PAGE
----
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The following is an archived video story. The text content of that video story is available below for reference. The original video has been deleted and is no longer available.

Local doctor reflects on day JFK was rushed into emergency room

By: Shelton Dodson
EL PASO, Texas - An El Paso doctor who was there as his colleagues tried to save JFK's life talks about that day to KFOX14.

Dr. Curtis Spier has a comfortable seat inside his Central El Paso home. Fifty years ago today he had a front row seat to one of the greatest tragedies in American history.

"I've never run into a person who couldn't tell you exactly where he was and exactly what he was doing when they first heard that Kennedy had been killed," said Spier. "Nobody."

Spier is a 1953 graduate of El Paso High School. After earning his bachelor's degree three years later at what was then Texas Western, Spier headed to Dallas to study medicine. In 1963, he was the senior resident at Parkland Hospital in downtown Dallas. The anesthesiologist was heading to what was supposed to be his normal, Friday meeting at Parkland Hospital. The day was Nov. 22, 1963. He had no clue what he was walking in to.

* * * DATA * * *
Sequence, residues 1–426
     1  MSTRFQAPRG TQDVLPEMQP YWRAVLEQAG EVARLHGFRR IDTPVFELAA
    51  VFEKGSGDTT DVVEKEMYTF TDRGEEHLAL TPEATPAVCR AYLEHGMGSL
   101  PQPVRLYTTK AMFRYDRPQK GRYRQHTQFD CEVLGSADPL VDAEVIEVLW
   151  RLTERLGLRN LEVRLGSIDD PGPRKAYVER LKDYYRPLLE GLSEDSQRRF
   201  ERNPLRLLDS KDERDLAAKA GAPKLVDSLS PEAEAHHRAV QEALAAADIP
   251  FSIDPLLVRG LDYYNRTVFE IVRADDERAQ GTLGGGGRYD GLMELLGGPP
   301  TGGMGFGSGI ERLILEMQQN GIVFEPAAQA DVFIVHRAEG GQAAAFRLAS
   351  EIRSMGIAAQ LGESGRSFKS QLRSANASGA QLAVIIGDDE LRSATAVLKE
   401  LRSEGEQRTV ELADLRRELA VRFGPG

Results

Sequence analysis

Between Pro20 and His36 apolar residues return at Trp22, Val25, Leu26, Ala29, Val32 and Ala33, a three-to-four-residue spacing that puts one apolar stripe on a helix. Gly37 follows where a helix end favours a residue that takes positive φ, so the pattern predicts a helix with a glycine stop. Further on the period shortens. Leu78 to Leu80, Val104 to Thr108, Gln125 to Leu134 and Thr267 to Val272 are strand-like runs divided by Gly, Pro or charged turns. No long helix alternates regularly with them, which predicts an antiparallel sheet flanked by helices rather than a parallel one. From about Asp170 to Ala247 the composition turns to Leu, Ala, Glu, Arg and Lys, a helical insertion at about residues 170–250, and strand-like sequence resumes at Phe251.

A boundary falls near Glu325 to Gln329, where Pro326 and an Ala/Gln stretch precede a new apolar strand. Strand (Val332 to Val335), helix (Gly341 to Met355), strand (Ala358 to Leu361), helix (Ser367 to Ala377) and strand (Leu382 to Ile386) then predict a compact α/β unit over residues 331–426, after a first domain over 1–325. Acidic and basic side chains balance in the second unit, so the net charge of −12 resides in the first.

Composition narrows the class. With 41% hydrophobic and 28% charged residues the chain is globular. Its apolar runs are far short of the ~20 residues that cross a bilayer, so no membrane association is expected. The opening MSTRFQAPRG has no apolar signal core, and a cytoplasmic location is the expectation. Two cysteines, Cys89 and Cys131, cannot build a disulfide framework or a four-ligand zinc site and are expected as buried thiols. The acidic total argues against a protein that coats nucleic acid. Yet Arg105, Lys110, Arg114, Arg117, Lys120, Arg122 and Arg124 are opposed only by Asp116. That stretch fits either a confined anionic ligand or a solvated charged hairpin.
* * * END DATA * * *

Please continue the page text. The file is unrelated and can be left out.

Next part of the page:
"There was so much chaos around there. There wasn't really much time to sit and take it all in. It just kind of tested all your senses. It was shocking to say the least."

Spier found himself inside a small emergency room while a team of doctors frantically worked on the president.

"My chief was standing at the head of the table cradling Kennedy's head in his hands and it was just a bloody mess."

The president never had a chance, according to Spier. "President Kennedy died immediately. He was not alive when he got to Parkland Hospital. There was no sign of life. It was over in 12 minutes."

Spier says he didn't have time to digest what happened the day of the assassination. Two days later he was back at Parkland Hospital when a mortally wounded Lee Harvey Oswald was brought there as well.

"I never saw a gunshot wound that was more catastrophic than Kennedy's or Oswald's. They were both immediately mortal. It's hard to wrap your head around something like that taking place within arm's length from you."

A half century later, the memories remain crystal clear for the now 78-year-old Spier.

"It is something that, after 50 years I've just gotten used to. I've dreamed about it at times. But it has never overwhelmed me."

Asked if he could ever erase the memory of what he saw that day, Spier said, "I never will. I mean, how could you forget that?"

 

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